As the days unfolded, however, the inspiration of Mahatma Gandhi began to exert its influence. I had come to see early that the Christian doctrine of love operating through the Gandhian method of nonviolence was one of the most potent weapons available to the Negro in his struggle for freedom. About a week after the protest started, a white woman who understood and sympathized with the Negroes’ efforts wrote a letter to the editor of the Montgomery Advertiser comparing the bus protest with the Gandhian movement in India. Miss Juliette Morgan, sensitive and frail, did not long survive the rejection and condemnation of the white community, but long after she died in the summer of 1957 the name of Mahatma Gandhi was well known in Montgomery. People who had never heard of the little brown saint in India were now saying his name with an air of familiarity. Nonviolent resistance had emerged as the technique of the movement, while love stood as the regulating ideal. In other words, Christ furnished the spirit and motivation, while Gandhi furnished the method.

One of the glories of the Montgomery movement was that Baptists, Methodists, Lutherans, Presbyterians, Episcopalians, and others all came together with a willingness to transcend denominational lines. Although no Catholic priests were actively involved in the protest, many of their parishioners took part. All joined hands in the bond of Christian love. Thus the mass meetings accomplished on Monday and Thursday nights what the Christian Church had failed to accomplish on Sunday mornings.

In my weekly remarks as president of the resistance committee, I stressed that the use of violence in our struggle would be both impractical and immoral. To meet hate with retaliatory hate would do nothing but intensify the existence of evil in the universe. Hate begets hate; violence begets violence; toughness begets a greater toughness. We must meet the forces of hate with the power of love; we must meet physical force with soul free. Our aim must never be to defeat or humiliate the white man, but to win his friendship and understanding.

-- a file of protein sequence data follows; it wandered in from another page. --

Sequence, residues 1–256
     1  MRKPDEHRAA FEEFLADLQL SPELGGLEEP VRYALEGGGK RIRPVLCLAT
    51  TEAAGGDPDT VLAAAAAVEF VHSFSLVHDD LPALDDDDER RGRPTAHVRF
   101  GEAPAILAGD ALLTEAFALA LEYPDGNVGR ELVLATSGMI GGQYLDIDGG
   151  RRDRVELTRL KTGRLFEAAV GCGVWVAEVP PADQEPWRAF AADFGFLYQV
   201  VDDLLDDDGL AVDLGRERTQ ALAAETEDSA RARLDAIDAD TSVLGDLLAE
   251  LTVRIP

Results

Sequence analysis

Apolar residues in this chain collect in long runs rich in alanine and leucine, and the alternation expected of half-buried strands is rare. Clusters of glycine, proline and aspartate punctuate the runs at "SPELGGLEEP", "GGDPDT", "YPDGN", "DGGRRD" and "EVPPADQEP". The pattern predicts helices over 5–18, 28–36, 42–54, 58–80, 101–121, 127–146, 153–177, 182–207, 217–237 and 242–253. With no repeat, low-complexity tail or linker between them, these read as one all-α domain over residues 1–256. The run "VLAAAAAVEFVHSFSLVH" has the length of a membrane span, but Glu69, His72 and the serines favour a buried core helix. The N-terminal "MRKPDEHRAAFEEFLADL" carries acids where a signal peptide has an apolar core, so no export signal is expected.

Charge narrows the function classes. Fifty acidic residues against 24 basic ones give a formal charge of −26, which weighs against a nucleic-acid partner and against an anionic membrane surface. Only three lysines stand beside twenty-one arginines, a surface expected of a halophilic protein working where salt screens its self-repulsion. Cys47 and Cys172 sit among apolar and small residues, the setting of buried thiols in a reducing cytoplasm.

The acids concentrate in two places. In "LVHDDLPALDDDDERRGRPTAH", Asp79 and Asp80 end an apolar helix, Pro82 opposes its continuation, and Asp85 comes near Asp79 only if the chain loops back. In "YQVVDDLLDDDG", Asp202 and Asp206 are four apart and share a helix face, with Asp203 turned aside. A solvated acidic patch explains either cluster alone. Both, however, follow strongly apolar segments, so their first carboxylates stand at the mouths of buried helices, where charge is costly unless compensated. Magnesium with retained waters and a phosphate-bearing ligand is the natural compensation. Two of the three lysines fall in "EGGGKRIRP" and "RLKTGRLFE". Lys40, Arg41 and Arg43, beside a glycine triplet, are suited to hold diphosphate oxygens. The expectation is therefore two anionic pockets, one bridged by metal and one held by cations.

In a real sense, Montgomery’s Negroes showed themselves willing to grapple with a new approach to the crisis in race relations. It is probably true that most of them did not believe in nonviolence as a philosophy of life, but because of their confidence in their leaders and because nonviolence was presented to them as a simple expression of Christianity in action, they were willing to use it as a technique. Admittedly, nonviolence in the truest sense is not a strategy that one uses simply because it is expedient at the moment; nonviolence is ultimately a way of life that men live by because of the sheer morality of its claim. But even granting this, the willingness to use nonviolence as a technique is a step forward. For he who goes this far is more likely to adopt nonviolence later as a way of life.

It must be emphasized that nonviolent resistance is not a method for cowards; it does resist. If one uses this method because he is afraid or merely because he lacks the instruments of violence, he is not truly nonviolent. This is why Gandhi often said that if cowardice is the only alternative to violence, it is better to fight. He made this statement conscious of the fact that there is always another alternative: no individual or group need submit to any wrong, nor need they use violence to right that wrong; there is the way of nonviolent resistance. This is ultimately the way of the strong man. It is not a method of stagnant passivity. The phrase “passive resistance” often gives the false impression that this is a sort of “do-nothing method” in which the resister quietly and passively accepts evil. But nothing is further from the truth. For while the nonviolent resister is passive in the sense that he is not physically aggressive toward his opponent, his mind and emotions are always active, constantly seeking to persuade his opponent that he is wrong. The method is passive physically but strongly active spiritually. It is not passive non-resistance to evil, it is active nonviolent resistance to evil.

A second basic fact that characterizes nonviolence is that it does not seek to defeat or humiliate the opponent, but to win his friendship and understanding. The nonviolent resister must often express his protest through noncooperation or boycotts, but he realizes that these are not ends themselves; they are merely means to awaken a sense of moral shame in the opponent. The end is redemption and reconciliation. The aftermath of nonviolence is the creation of the beloved community, while the aftermath of violence is tragic bitterness.